May 11, 2020 marked the 50th anniversary of an F-5 tornado that struck Lubbock, Texas. That infamous Monday evening changed tornado science forever—and for the better. Unfortunately, more than two dozen people died during the 1970 tornado and storm. However, damage surveys conducted by Professor Ted Fujita have taught us many important things that have since saved hundreds, if not thousands, of lives.
So, who was Ted Fujita?
Fujita is considered the “father” of modern tornado research. As a young man in Japan, he helped map damage patterns from the atomic bombings of Hiroshima and Nagasaki. After the war, he joined the faculty of the University of Chicago where he combined his knowledge of wind and blast damage with his fascination for tornadoes.
The 0-to-5 Fujita Damage Scale, now known as the “F Scale”, allows us to categorize weak, strong, and violent tornadoes based upon the amount of wind damage they do. In 1971, he rated the Lubbock tornado F-5, the strongest possible. Here’s a breakdown of what Fujita and the Lubbock tornado have taught us.
#1) Lubbock Tornado & Wind Damage Tracking
Fujita studied tornadoes in the laboratory, like his tornado machine pictured above. But, he learned more by doing detailed damage surveys on foot and by air. Specifically, he would document the path and the damage of every tornado he could. There were actually two tornadoes in Lubbock that fateful night. And it was the stronger and longer-tracked twister that tore directly through downtown. Fujita not only drew the track of the tornadoes, he also carefully noted the wind damage patterns in and near the path. This process illustrated how the wind is sucked into, and around the funnel cloud.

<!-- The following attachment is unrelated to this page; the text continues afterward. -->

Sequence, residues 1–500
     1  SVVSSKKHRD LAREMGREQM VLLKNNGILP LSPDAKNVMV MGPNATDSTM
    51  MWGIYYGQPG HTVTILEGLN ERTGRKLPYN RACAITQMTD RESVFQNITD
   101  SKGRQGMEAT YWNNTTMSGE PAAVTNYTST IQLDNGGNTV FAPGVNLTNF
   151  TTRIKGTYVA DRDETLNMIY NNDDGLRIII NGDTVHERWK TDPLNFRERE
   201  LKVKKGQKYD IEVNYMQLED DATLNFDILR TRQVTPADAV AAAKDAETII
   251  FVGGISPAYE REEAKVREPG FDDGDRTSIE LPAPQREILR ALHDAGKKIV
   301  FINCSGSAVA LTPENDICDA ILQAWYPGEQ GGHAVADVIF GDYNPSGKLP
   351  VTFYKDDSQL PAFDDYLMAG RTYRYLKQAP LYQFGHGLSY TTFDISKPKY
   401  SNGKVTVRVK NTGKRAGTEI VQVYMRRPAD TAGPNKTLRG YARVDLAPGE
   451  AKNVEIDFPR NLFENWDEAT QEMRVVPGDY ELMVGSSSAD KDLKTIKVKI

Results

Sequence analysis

#2) Mini Tornadoes Exist Within Larger Tornadoes
Fujita proved that large tornadoes sometimes have mini-tornadoes that circulate inside of them. Fujita called these smaller rotations “suction spots”. Plus, he also correctly attributed the strongest damage to these mini-circulations, which rotate within the parent tornado. Ultimately, he showed that a suction spot spinning at 50 mph, inside of a 150 mph tornado, produces even more damage. Specifically, in this example, those suction spots actually have 200 mph winds (50mph + 100mph), which can easily annihilate homes.
#3) Deaths Caused by a Sub-Vortex in Lubbock Tornado
Fujita also correlated many of the deaths in the Lubbock tornado to victims being unlucky enough to get caught in the path of one of the suction spots. We now refer to a suction spot as a “sub-vortex”. Additionally, strong tornadoes that feature these sub-vortexes are termed “multiple-vortex” twisters. In the image below, you’ll see that Fujita noted the location and the number of deaths that lie in the path of the twister’s suction spots.
#4) Fujita Inspires Texas University’s Wind Engineering Department
Eventually, Fujita’s intense research into tornado wind damage spurred Lubbock’s Texas Tech University to establish a Wind Engineering Department. This department is dedicated to studying the effects of high winds on people, buildings, and landscapes. Their pioneering research has taught us how to build stronger homes, which readily resist the destructive winds of tornadoes and hurricanes.
#5) The F-Scale Gets Updated to The EF-Scale
All in all, Dr. Fujita’s original F-scale served us well from 1971 to 2007. However, the main drawback of the F-scale was that it was based on judging tornado damage to, specifically, well-built homes. Therefore, in 2007, Texas Tech collaborated with wind engineers and building experts to unveil the “Enhanced” Fujita Scale, or “EF-scale”. As a result, we can now gauge the strength of a tornado by—not just destruction to homes—but also to trees, vehicles, power poles, and a host of other damage indicators. Likewise, the EF-Scale also gives estimates of the wind speeds most likely responsible for the damage. The Lubbock tornado, which was given an F-5 rating in 1971, is still referred to as an F-5 tornado, even though it would equate to EF-5 tornado if it happened today.